Is Reflective Practice a Useful Task for Student Nurses? Reflective Practice a Useful Task ... despite the perceived barrier to good reflective ... Is Reflective Practice a Useful Task for Student Nurses?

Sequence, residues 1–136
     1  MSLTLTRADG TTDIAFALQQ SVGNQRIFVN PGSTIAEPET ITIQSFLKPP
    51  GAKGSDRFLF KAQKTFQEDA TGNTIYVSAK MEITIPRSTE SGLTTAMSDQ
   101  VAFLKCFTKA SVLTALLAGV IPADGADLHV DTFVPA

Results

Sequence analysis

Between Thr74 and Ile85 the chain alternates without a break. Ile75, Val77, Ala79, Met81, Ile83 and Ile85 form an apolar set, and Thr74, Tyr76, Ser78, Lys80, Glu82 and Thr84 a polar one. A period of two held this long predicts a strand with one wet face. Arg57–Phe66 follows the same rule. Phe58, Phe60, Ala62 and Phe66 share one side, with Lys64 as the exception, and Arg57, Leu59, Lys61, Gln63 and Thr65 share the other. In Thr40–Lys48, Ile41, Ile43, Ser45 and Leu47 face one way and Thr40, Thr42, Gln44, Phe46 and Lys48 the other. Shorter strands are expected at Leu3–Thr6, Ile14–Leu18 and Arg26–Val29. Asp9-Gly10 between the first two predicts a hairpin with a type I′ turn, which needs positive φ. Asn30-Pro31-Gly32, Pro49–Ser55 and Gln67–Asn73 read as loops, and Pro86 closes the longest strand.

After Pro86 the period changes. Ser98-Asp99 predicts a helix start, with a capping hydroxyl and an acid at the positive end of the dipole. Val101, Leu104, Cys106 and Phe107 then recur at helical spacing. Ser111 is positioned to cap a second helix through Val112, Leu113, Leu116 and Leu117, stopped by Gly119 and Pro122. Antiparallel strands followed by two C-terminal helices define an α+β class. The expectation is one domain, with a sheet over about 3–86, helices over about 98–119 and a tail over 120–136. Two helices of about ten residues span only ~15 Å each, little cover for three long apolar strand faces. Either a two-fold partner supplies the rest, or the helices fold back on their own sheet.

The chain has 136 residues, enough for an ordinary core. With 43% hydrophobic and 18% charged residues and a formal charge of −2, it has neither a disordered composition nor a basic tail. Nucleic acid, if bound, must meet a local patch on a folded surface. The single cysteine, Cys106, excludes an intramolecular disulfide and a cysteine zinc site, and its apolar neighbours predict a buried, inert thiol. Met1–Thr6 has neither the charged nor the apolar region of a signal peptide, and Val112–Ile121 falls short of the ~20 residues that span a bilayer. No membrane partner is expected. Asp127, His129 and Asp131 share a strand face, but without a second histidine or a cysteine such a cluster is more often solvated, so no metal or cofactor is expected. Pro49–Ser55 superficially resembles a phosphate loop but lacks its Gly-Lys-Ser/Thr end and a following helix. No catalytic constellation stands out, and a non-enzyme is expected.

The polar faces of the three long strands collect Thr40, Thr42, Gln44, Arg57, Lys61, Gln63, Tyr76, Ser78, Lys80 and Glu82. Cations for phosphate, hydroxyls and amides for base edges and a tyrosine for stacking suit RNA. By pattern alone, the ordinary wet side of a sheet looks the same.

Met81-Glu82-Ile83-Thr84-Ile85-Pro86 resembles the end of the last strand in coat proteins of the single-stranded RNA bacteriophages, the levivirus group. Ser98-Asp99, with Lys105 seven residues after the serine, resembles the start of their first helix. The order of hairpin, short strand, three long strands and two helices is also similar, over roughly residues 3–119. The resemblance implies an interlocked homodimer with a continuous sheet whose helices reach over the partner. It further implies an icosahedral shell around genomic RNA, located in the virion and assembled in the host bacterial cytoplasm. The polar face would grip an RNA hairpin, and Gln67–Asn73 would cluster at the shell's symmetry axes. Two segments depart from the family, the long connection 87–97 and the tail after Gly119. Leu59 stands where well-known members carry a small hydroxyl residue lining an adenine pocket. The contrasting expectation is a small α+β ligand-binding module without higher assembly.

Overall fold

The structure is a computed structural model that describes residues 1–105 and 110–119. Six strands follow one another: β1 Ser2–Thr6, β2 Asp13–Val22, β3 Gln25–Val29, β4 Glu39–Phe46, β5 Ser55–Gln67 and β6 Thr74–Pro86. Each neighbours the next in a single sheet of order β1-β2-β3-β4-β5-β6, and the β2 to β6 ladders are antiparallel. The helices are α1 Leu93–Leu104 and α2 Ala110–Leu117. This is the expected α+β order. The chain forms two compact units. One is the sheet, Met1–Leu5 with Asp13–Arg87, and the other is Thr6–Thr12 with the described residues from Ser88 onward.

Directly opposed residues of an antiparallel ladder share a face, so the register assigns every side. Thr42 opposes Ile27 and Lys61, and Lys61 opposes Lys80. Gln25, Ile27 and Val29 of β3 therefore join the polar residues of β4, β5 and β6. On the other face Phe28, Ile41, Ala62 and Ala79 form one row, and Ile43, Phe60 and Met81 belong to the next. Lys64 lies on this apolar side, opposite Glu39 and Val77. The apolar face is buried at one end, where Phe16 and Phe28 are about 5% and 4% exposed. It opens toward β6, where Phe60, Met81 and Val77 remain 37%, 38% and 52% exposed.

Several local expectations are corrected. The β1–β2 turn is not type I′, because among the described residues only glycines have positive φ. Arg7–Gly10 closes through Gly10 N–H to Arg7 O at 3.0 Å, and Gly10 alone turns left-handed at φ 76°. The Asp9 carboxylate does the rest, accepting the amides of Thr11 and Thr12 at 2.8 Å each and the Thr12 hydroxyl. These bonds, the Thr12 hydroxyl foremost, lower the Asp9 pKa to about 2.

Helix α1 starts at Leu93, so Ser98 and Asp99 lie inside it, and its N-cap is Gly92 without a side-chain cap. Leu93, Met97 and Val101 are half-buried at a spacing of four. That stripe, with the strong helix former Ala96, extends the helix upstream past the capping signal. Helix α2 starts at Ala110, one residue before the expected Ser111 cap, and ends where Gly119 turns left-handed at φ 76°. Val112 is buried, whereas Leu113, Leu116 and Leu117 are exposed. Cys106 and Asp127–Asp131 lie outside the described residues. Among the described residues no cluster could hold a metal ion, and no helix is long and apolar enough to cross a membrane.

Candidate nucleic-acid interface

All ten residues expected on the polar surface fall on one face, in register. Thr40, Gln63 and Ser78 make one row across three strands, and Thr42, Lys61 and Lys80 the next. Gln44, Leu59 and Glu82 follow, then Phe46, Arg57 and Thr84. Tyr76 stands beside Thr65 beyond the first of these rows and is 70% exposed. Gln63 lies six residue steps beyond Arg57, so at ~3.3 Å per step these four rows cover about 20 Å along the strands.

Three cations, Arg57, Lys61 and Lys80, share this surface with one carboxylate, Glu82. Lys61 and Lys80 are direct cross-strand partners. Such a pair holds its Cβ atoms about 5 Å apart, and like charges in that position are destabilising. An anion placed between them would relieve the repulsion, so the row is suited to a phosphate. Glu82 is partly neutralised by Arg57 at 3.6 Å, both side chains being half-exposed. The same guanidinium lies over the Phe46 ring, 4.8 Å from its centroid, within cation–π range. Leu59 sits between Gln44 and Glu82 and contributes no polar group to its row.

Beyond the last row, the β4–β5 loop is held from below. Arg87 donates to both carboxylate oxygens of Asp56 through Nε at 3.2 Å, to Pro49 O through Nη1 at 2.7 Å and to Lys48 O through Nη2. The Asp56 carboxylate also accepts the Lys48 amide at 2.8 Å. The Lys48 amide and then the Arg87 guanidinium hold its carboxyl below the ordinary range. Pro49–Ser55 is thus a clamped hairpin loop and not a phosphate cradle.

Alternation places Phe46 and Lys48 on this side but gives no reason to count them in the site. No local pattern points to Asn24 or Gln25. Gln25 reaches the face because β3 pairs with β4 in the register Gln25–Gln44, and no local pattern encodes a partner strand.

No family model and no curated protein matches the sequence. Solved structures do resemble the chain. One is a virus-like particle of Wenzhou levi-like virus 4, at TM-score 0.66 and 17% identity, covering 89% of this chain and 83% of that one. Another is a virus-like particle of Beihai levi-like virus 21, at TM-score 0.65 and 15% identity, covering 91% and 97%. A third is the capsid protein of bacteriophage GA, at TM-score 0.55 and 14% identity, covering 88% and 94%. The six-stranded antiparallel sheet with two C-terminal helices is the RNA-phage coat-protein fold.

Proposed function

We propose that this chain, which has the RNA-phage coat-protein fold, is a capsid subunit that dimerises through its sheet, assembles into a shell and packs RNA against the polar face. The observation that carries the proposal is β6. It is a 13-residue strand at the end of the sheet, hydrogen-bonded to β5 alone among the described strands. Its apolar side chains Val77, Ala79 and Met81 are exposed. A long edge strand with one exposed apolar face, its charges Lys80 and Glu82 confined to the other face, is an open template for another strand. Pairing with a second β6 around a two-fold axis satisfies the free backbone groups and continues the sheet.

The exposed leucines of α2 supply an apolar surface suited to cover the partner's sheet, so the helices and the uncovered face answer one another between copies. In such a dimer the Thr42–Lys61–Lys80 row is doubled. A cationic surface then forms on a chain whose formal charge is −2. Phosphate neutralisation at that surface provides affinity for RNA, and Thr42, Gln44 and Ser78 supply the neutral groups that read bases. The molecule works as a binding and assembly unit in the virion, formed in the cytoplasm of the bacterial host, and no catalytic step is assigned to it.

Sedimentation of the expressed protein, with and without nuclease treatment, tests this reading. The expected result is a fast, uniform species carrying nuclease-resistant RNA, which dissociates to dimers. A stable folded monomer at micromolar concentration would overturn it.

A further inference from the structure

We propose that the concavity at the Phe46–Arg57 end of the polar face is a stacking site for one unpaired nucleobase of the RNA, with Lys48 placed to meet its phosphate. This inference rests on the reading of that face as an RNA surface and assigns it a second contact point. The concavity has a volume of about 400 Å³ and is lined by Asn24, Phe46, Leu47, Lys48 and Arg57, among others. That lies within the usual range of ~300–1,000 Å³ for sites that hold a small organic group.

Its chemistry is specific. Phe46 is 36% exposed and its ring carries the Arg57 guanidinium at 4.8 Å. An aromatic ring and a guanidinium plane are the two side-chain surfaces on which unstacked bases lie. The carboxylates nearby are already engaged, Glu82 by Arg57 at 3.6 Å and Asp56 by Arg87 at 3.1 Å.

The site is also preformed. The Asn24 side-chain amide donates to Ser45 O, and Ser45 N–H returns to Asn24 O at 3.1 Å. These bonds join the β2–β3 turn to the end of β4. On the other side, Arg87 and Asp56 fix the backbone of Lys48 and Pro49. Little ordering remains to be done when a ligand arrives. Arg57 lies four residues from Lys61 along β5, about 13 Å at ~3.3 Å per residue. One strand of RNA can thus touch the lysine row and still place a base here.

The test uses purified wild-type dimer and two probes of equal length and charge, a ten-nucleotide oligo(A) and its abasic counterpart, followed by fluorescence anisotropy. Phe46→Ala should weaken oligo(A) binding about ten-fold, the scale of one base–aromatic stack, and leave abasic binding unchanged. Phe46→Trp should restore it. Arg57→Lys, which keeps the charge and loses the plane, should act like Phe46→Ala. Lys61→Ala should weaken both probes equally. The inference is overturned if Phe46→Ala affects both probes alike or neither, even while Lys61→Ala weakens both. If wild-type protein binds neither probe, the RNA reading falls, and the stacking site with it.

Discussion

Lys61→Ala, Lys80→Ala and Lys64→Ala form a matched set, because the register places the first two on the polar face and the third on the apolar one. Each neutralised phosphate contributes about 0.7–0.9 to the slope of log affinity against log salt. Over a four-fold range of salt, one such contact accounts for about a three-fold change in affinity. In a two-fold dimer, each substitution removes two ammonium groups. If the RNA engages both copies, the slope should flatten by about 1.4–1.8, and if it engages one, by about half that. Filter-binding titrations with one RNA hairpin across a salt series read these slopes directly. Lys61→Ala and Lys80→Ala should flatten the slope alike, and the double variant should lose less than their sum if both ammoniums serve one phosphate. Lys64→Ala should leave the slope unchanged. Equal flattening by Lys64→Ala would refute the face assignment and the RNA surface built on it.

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<ul><li><p>111Asian Nursing Research September 2009 Vol 3 No 3</p><p>ORIGINAL ARTICLE</p><p>Is Reflective Practice a Useful Task for Student Nurses?</p><p>Mei Chan Chong*</p><p>Nursing Sciences Unit, Department of Allied Health Sciences, Faculty of Medicine, University of Malaya, Kuala Lumpur, Malaysia</p><p>Background Reflective practices have been advocated as a method to bridge the gap between nursingtheory and practice, and as a tool to develop knowledge embedded in practice.Aim The aim of this study was to examine the perceptions of student nurses towards reflective practicein their clinical practice.Methods A cross sectional descriptive survey was carried out to examine the perception of a cohort of108 final year, pre-registration Diploma of Nursing students towards reflective practice. A structured ques-tionnaire was used to collect the quantitative data. The questionnaire consisted of two parts; part A: per-ception of students towards reflective practice; and part B: issues reflected by students. Data collectedwere analyzed using descriptive statistics. All (n = 98) students completed the questionnaire.Results The mean score of perception to reflective practice was 4.07. Students found reflective practiceuseful to them with a mean score of 3.82, despite the perceived barrier to good reflective practice with amean of 3.60. The perception on the appropriateness of reflective practice as a tool to assess was 3.47. Thevalidity of reflective practice as an assessment tool for practical examinations was not conclusive, as themean score was only 3.47.Conclusion The results indicated that even though some students were skeptical with reflective prac-tice, they found it useful. The College of Nursing should review the content of reflective practice and pre-pare nurse educators for their role in teaching this subject more effectively. [Asian Nursing Research 2009;3(3):111120]</p><p>Key Words nursing students</p><p>*Correspondence to: Mei Chan Chong, Department of Nursing Science, Faculty of Medicine, University of Malaya, 50603, Kuala Lumpur, Malaysia.E-mail: mcchong@um.edu.my</p><p>INTRODUCTION</p><p>Reflective practice has become a key issue which ismentioned regularly within the context of nursing andnurse education programs (Smith, 1998; Gustafsson,Asp, &amp; Fagerberg, 2007; Howe, 2006). There hasbeen a great increase in interest of reflective practice</p><p>in the field of nursing and many researchers haveemphasized and enlighten us on the advantage ofreflective practice (Smith, 2005; Chamney, 2008;Clouder &amp; Sellars, 2004; Platzer, Blake, &amp; Ashford,2000). Reflective practice has been used to over-come the gap between nursing theory and practices,and to articulate and develop nursing knowledge</p><p>Received: June 18, 2009 Revised: June 18, 2009 Accepted: September 9, 2009</p></li><li><p>embedded in practice (Johns, 2002). Reflectioncould be the means to challenge and change valuesor beliefs (Green, 2002). Gustafsson et al. assertedthat the capability of reflective practice is vital indelivery and improving ethical and holistic nursingcare. The definition of reflective practice and reflec-tion remains debatable despite regular citations in theliterature of practice professions. What is reflectivepractice?</p><p>DefinitionThe definition of reflection is thinking deeply andcarefully, especially about possibilities and opinions(Cambridge International Dictionary of English,1995). In the area of education reflection, JohnDewey (1933) as cited by Cotton (2001), haddefined reflection as the active, persistent and care-ful consideration of any belief or supposed form ofknowledge, in light of the grounds that support it andthe further consequences to which it leads. Deweysconceptualization of reflection is supported by Schon(1987), that it is an important learning strategy tohelp professionals become aware of their implicitknowledge base. Maclean (2006), describes reflectionas involving thinking about, and critically analyzingour experiences and actions, with the goal of improv-ing our professional practice.</p><p>As for nursing, Johns (2002), has defined reflec-tion as, a window through which the practitionercan view and focus themselves within the contextof her own lived experience in ways that enable herto confront, understand and work towards resolvingthe contradictions within her practice, between whatis desirable and actual practice. Through the conflictof contradiction, the commitment to realize desirablework and understandingwhy things are as they are,the practitioner is empowered to take more appro-priate action in future situations. In short, reflectivepractice is associated with relationships and to indi-vidual needs and to a larger extent emotional andpersonal feelings that have impacted on the intel-lectual reflective learning (Boud &amp; Walker, 1998;Mezirow, 1998). Nurses could be empowered throughreflective practice (Issitt, 2003), to enable them torender nursing care with better understanding, foster</p><p>self awareness, become more competent, and tomotivate changes and improve the quality of holisticnursing care (Gustafsson &amp; Fagerberg, 2004; Marrow,Hollyyoake, Hamer, &amp; Kenrick, 2002).</p><p>Components of reflective practiceReflective practice should be a continuous cycle in which experience and reflection on experiences,are inter-related. This is illustrated by a modeldeveloped by Boud, Keogh, &amp; Walker (1985) thatreflection involves returning to the experience,attending to the feelings and re-evaluating the expe-rience based on current knowledge and intent andintegrating this new knowledge into your conceptualframework. There are more examples of models inthe literature by Burnard, 1991; Gibbs, 1988a, andMezirow, 1998. Burns, Bulman and Palmer (2000),suggest that Gibbs (1988) model is useful becausemany practitioners have used it and found it to besuccessful.</p><p>The reflective cycleReflective practice is a dynamic process whichrequires a cyclical approach. Gibbs (1988) modelillustrates a framework for experiential learning andguides the user through a series of questions whichprovides a structure for a reflective experience.</p><p>Emerging interest of reflective practice, has beenrecognized as an important concept to consider in thereview of the Nursing Diploma Programme curricu-lum by the University of Malaya Medical Centre.Reflective practice based on Gibbs (1988) modelhas been integrated into the three year program,since 2003. The first group of students who wereinvolved in the practice, are now in their final yearof the program. Every semester, reflective practiceis used to assess the students clinical performanceas a continuous assessment of their practical exami-nations.A majority of the students did not do well intheir reflective practice. Only a minority of studentsfelt comfortable with reflection, as the course pro-gressed. The implementation of reflective practicein the Diploma of Nursing Programme has not beenevaluated, hence this study was carried out to exam-ine the student nurses perception and to find out</p><p>M.C. Chong</p><p>112 Asian Nursing Research September 2009 Vol 3 No 3</p></li><li><p>113</p><p>the strengths and weaknesses in implementation ofreflective practice during practicum.</p><p>The aim of this paper is to report on how agroup of student nurses perceived and interpretedreflective practice in a preregistration nursing cur-ricula in a college of nursing, in a teaching hospitalin Malaysia.</p><p>METHODS</p><p>Study settingThe study setting was in the College of Nursing, Uni-versity of Malaya Medical Centre. The college offersa preregistration Diploma of Nursing program witha student population of 600, with three year levels:Year 1, Year 2 and Year 3. Reflective practice wasintegrated into the curriculum and the main concernwas in the clinical area, as it focused on practice.Students were encouraged to write or record as manyreflections as possible with a minimum target ofone every two weeks, with supervision in level oneof one posting per semester. Subsequently, studentswere encouraged to write one report at each postingin the clinical area.There were tutors in each respec-tive area of clinical placement, to assist students.The ratio of tutors to students was approximately1:20. There was no specific time allocated duringclinical hours for reflective writing and studentswere supposed to record/write their reports afterworking hours. Discussion on the outcome of theirreflection was scheduled for students.</p><p>This study setting was chosen because theresearcher had been involved in teaching nursingstudents in the Diploma program and participatedin the advocacy of reflective practices.</p><p>Study designA cross sectional descriptive study was carried outto examine the perception of the final year prereg-istration Diploma of Nursing students towards theusefulness of reflective practice.</p><p>Population and samplingIn this study, the target population was 108 prereg-istration student nurses who were enrolled in 2003and underwent a three year Diploma of Nursingprogram. They were in semester 3 of their final yearand had experienced writing reflectively since year 1,semester 1. They were assessed on reflective prac-tices in year 1, semester 2 and 2 and year 2, semester1, 2 and 3. This cohort was selected because theywere the first group of students to have reflectivepractice integrated in their nursing practice. Studentswho were involved in the pilot study were excludedfrom this study. The sampling method was universalconvenience sampling.The sample selection criterionwas to include students who had written at leastfive reflections.</p><p>Ethical considerationThe Director of the University of Malaya MedicalCentre gave a permission to undertake the study.Approval from an Ethics Committee was not required</p><p>Is Reflective Practice a Useful Task for Student Nurses?</p><p>Asian Nursing Research September 2009 Vol 3 No 3</p><p>Action planIf it arose again</p><p>What would you do?</p><p>ConclusionWhat else could you</p><p>have done?</p><p>FeelingsWhat were you thinking</p><p>and feeling?</p><p>EvaluationWhat was good and badabout the experience?</p><p>DescriptionWhat happened?</p><p>AnalysisWhat sense can you</p><p>make of the situation?</p><p>Reflective cycle</p><p>Figure 1. The reflective cycle (Gibbs, 1988b).</p></li><li><p>as there were no patient involvement. A briefing onthe information about the study, its aims, focus andthe rationale was given to all respondents in the lec-ture hall. Instructions for competition of the ques-tionnaire were also given to respondents. Informedconsent was obtained directly from all respondents.</p><p>Data collectionThe survey was conducted in a cohort design and themethod used was quantitative. Data collection wascarried out from 2 November 2006 to 8 November2006. All questionnaires were distributed person-ally to the students at the lecture hall. The studentswere given a brief explanation of the study before thequestionnaires were distributed. The respondentswere kept anonymous and they were given oneweek to answer the questionnaire. A total of 98 setsof questionnaires were distributed and returned.</p><p>InstrumentationThe data was collected based on self explanatorystructured questions. A total of 37 items were usedin this study. A five point Likert scale was used toindicate relative agreement for each item. Responsesranged from 1 (strongly agree) to 5 (strongly dis-agree). The questionnaire was categorized into threeparts: Part One comprised of 24 items relating tostudents perception towards reflective practices.Part Two consisted of seven items related to assess-ment of reflective practice and finally, Part Threerelated to issues that students most commonlyreflected on.</p><p>Validity and reliability testingThe instrument was measured and tested for its sta-tus of validity and reliability to yield a representa-tive date. The questionnaire was tested for validityand reliability. Face Validity was used to determinewhether the questionnaire looked relevant, to mea-sure the appropriate construction (Polit &amp; Beck,2004), student nurses from year 2 were invited toparticipate in the evaluation of the construction.The questionnaire was validating by five nursinglecturers for content validity.The inclusion criterion,to determine the panel of experts, was a minimum</p><p>of five years teaching experience in nursing. Theinvitation letter, the objectives of the study, consentform for accepting to be part of the panel and a setof questions were given to them with a returnaddressed postage paid envelope. Coefficient alphaor Cronbachs alpha was used in this study whichyielded the coefficient value of 0.8, which illustratedan acceptable degree of internal reliability. Minoramendments were made to question wordings tomaximize clarity.</p><p>Pilot studyA pilot study was conducted on 15 October 2006,in the same setting, with 10 students from the samecohort being selected to pre test the instrumentwhich required minor correction on typographicalerrors. The two reproducibility tests that were donewere test-retest validity and inter-rater validity. Thepilot sample was not used in the actual study.</p><p>Data analysisData were analyzed using the SPSS Statistical Pack-age, version 16. Frequency, percentage, mean andtables were used to describe the data. The charac-teristics of the participants perceptions towardsreflective practice were calculated and summarizedby using mean percentages and frequency. Likertscales were recorded using only three points insteadof five points, to make the data more meaningful.Strongly agree and agree were combined as agree.Uncertainty, strongly disagree and disagree werecombined to become disagree.</p><p>RESULTS</p><p>1. Perceptions on reflective practiceAll 98 students participated in this study and theoverall findings have shown a positive perceptiontowards implementation of reflective practice in theDiploma of Nursing Program. The mean score ofperceptions on reflective practice was 4.07. Moststudents found reflective practice useful to themwith a mean score of 3.82, despite the perceivedbarrier to good reflective practice with a mean of</p><p>M.C. Chong</p><p>114 Asian Nursing Research September 2009 Vol 3 No 3</p></li><li><p>115</p><p>Is Reflective Practice a Useful Task for Student Nurses?</p><p>Asian Nursing Research September 2009 Vol 3 No 3</p><p>3.60. Students did not encounter serious undesir-able effects of reflective practice as the mean scorewas only 3.48. The majority of students felt mentorplay was an important role in facilitating reflectivepractice in clinical areas with a mean score of 3.77.The perception on the appropriateness of reflectivepractice as a tool to assess was 3.47. The validity ofreflective practice as an assessment tool for practicalexamination was not conclusive, as the mean scorewas only 3.47.</p><p>As shown in Table 1, the perceptions of respon-dents on reflective practice were divided into fourgroups: 1.1. Usefulness of reflective practice, 1.2.Undesirable effects of reflective practice, 1.3. Barri-ers to good reflection and 1.4 Mentors in reflectivepractice.</p><p>Most of the respondents responded very posi-tively over the subgroup of usefulness of reflectivepractice, with only less than 10 students disagreeingwith all the items in this subgroup, whilst the otherswere uncertain. T...</p></li></ul>